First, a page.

Purple Waves

(Purple waves wash over the Oregon beach of Neskowin on August 15. A form of hydrogen sulfide consuming bacteria is known to color water purple. Is this an indicator that the deadly gas is present in Oregon’s waters? Image source: Jeanine Sbisa and Beach Connection.)

A Dangerous Beauty

Oregon beachgoers and ocean researchers alike are flummoxed. There’s something strange in the water. Something that’s coloring the waves of Oregon’s beaches purple even as the off-shore waters are painted…

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Top Scientist — Threat of Catastrophic Permafrost Thaw is “Real and Imminent”


Unmeasured dangers rising up and still nothing effective from our governments. More members of the U. S. House and Senate need to speak up and add weight to the President’s calls for action.

Originally posted on robertscribbler:

There’s a lot of carbon stored in the Arctic’s thawing permafrost. According to our best estimates, it’s in the range of 1,300 billion tons (see Climate Change and the Permafrost Feedback). That’s more than twice the amount of carbon already emitted by fossil fuels globally since the 1880s. And the sad irony is that continuing to burn fossil fuels risks passing a tipping point beyond which rapid destabilization and release of those carbon stores becomes locked in.


(Global permafrost coverage as recorded by the World Meteorological Organization. A 2 C global warming threshold is generally thought to be the point at which enough of the Arctic permafrost will go into catastrophic destabilization, to result in a global warming amplifying feedback that then thaws all or most of the rest. The 2 C threshold was chosen because it is the bottom boundary of the Pliocene — a time when this…

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Climate: Scientists say Arctic ice loss speeding up

By Bob Berwyn

FRISCO — Sea level is set to rise at least three feet during the next few decades, NASA scientists and ice researchers said this week, updating their latest research and findings on how fast the world’s ice sheets and glaciers are melting.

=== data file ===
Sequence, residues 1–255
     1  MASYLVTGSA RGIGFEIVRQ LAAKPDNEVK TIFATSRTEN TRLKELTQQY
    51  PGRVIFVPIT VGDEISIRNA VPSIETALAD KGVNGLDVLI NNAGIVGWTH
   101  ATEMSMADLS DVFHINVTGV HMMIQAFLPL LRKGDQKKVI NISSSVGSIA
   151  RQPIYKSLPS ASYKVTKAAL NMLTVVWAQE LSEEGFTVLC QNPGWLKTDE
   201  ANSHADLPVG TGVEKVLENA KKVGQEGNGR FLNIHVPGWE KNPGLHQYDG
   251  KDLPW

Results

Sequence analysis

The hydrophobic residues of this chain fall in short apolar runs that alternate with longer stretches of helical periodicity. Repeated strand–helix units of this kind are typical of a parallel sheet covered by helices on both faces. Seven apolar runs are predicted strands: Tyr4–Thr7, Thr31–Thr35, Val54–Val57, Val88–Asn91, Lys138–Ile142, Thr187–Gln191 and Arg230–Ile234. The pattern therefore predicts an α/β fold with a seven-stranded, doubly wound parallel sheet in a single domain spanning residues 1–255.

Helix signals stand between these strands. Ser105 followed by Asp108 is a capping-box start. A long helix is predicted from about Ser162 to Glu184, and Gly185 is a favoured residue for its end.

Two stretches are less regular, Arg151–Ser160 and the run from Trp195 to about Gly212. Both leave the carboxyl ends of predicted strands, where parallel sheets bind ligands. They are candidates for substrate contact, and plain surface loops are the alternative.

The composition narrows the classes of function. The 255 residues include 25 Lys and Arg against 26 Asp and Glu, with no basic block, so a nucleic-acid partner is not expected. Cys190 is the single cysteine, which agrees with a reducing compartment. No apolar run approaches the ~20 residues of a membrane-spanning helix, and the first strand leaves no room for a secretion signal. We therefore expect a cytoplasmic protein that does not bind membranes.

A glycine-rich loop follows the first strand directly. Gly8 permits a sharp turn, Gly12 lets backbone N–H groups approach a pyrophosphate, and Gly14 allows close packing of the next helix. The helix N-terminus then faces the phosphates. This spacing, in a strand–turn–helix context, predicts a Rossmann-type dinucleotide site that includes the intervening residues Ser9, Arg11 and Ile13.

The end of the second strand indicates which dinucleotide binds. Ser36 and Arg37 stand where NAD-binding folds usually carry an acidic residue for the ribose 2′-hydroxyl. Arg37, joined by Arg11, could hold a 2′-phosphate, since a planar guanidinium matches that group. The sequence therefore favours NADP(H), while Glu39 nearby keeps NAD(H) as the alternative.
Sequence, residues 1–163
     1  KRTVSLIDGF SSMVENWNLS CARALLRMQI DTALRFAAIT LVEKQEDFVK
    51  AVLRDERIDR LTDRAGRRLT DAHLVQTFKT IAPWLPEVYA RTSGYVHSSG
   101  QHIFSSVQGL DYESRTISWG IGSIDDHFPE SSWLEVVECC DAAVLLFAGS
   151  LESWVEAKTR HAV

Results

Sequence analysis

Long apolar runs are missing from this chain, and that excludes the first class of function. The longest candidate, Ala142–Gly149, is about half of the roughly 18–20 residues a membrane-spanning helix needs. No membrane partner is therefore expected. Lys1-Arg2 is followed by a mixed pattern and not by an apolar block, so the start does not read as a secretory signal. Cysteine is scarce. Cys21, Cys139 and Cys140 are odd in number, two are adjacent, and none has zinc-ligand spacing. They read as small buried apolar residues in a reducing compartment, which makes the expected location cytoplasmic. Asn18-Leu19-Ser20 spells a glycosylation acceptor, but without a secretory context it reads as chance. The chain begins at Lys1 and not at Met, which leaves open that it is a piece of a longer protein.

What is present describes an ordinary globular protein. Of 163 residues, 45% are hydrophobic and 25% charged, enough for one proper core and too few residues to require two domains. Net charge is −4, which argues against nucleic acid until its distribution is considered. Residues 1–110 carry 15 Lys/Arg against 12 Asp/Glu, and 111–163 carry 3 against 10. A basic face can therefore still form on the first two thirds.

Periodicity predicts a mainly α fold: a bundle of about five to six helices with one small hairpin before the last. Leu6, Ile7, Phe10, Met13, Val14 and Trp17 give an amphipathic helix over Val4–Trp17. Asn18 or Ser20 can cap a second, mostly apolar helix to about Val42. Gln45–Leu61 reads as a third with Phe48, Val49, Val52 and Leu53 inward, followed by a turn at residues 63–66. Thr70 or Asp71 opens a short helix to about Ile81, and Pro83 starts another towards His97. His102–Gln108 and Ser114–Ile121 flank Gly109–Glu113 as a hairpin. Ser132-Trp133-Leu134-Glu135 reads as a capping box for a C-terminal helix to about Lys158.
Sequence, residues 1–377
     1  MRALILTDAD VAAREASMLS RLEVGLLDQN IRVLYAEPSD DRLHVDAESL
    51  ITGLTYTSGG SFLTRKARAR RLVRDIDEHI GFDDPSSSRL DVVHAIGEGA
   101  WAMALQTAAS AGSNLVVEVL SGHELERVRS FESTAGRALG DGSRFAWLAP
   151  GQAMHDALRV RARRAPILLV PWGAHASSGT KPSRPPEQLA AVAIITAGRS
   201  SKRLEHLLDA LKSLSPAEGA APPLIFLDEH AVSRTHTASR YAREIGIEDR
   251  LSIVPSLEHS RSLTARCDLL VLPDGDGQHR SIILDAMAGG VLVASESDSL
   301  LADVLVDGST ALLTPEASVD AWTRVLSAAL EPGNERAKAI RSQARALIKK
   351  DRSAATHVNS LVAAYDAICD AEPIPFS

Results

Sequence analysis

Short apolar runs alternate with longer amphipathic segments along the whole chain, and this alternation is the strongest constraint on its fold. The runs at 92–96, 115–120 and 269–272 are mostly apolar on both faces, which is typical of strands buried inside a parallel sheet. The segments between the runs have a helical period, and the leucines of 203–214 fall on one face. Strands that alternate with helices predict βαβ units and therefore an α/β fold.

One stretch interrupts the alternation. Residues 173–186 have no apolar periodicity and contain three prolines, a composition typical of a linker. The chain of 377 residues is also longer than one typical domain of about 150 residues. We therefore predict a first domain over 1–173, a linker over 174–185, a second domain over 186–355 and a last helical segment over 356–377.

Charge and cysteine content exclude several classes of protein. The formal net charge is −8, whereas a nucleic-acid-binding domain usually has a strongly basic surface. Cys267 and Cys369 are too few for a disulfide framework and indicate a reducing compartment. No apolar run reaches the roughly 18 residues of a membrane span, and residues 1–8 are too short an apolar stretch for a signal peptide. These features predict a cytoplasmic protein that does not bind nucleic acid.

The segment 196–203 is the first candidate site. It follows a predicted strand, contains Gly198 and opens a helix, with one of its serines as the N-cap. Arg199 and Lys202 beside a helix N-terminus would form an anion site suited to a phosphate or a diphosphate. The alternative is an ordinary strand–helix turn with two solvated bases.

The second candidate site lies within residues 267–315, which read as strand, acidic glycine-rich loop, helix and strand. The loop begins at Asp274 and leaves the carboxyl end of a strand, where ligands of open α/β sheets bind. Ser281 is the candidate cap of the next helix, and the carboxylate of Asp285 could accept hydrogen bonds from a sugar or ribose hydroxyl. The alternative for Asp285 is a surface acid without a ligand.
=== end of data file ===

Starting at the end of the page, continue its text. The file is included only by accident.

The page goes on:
The scientists said they’re still not sure exactly how fast the water will rise, but they’re getting closer to nailing down the timing, thanks to several ongoing research projects, including a five-year effort to measure ice loss around the edge of Greenland.

The goal, of course, is to help coastal communities prepare for the big changes ahead. Agriculture, transportation and other infrastructure like water treatment plants will all be affected by sea level rise.  Sourced through from:

Global Warming: The Future is NOW! Part 1

Originally posted on Exposing the Big Game:

Looking at the news on the subject lately, it would seem that the Pacific Coast is climate change central. Starting with the sad excuse for a snowpack last winter and the near total lack of rains since then that’s led to the current and ongoing drought, which in turn is contributing to the catastrophic fires across the West, it’s looking like Nature has set her sights on our part of the planet.

But the fact is, global warming is a worldwide problem. July has joined a dozen or more previous months in getting overall “hottest on record” nods—like it or not.

If you’ve been following this blog recently, you might have had your fill of Okanogan Complex fire updates, or general articles with anecdotes about the other changes to predictable patterns the Earth is undergoing thanks to Anthropogenic Climate Disruption (or simply, too many humans creating too many tons of carbon). And if…